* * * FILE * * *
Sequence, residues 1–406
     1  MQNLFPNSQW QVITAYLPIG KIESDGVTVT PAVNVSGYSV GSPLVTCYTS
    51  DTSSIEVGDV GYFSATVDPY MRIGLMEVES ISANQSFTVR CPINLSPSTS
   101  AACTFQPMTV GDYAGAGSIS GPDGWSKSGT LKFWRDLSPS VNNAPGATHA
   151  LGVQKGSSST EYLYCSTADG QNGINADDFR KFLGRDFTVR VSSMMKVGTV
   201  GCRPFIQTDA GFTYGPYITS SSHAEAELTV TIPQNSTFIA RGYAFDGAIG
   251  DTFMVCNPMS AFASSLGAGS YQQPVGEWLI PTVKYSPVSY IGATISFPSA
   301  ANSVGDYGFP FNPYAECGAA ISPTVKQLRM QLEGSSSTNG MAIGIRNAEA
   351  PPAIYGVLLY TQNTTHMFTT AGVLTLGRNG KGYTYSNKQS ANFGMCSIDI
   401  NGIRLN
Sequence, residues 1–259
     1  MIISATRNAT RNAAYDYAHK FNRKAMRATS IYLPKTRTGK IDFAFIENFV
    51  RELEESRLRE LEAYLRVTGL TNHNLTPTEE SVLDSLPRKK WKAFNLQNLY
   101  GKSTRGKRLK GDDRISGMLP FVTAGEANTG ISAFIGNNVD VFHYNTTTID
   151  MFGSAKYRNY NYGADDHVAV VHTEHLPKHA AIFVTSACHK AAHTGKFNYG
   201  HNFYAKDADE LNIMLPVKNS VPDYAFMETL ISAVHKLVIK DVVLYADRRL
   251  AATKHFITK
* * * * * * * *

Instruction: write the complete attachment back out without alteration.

Sequence, residues 1–406
     1  MQNLFPNSQW QVITAYLPIG KIESDGVTVT PAVNVSGYSV GSPLVTCYTS
    51  DTSSIEVGDV GYFSATVDPY MRIGLMEVES ISANQSFTVR CPINLSPSTS
   101  AACTFQPMTV GDYAGAGSIS GPDGWSKSGT LKFWRDLSPS VNNAPGATHA
   151  LGVQKGSSST EYLYCSTADG QNGINADDFR KFLGRDFTVR VSSMMKVGTV
   201  GCRPFIQTDA GFTYGPYITS SSHAEAELTV TIPQNSTFIA RGYAFDGAIG
   251  DTFMVCNPMS AFASSLGAGS YQQPVGEWLI PTVKYSPVSY IGATISFPSA
   301  ANSVGDYGFP FNPYAECGAA ISPTVKQLRM QLEGSSSTNG MAIGIRNAEA
   351  PPAIYGVLLY TQNTTHMFTT AGVLTLGRNG KGYTYSNKQS ANFGMCSIDI
   401  NGIRLN
Sequence, residues 1–259
     1  MIISATRNAT RNAAYDYAHK FNRKAMRATS IYLPKTRTGK IDFAFIENFV
    51  RELEESRLRE LEAYLRVTGL TNHNLTPTEE SVLDSLPRKK WKAFNLQNLY
   101  GKSTRGKRLK GDDRISGMLP FVTAGEANTG ISAFIGNNVD VFHYNTTTID
   151  MFGSAKYRNY NYGADDHVAV VHTEHLPKHA AIFVTSACHK AAHTGKFNYG
   201  HNFYAKDADE LNIMLPVKNS VPDYAFMETL ISAVHKLVIK DVVLYADRRL
   251  AATKHFITK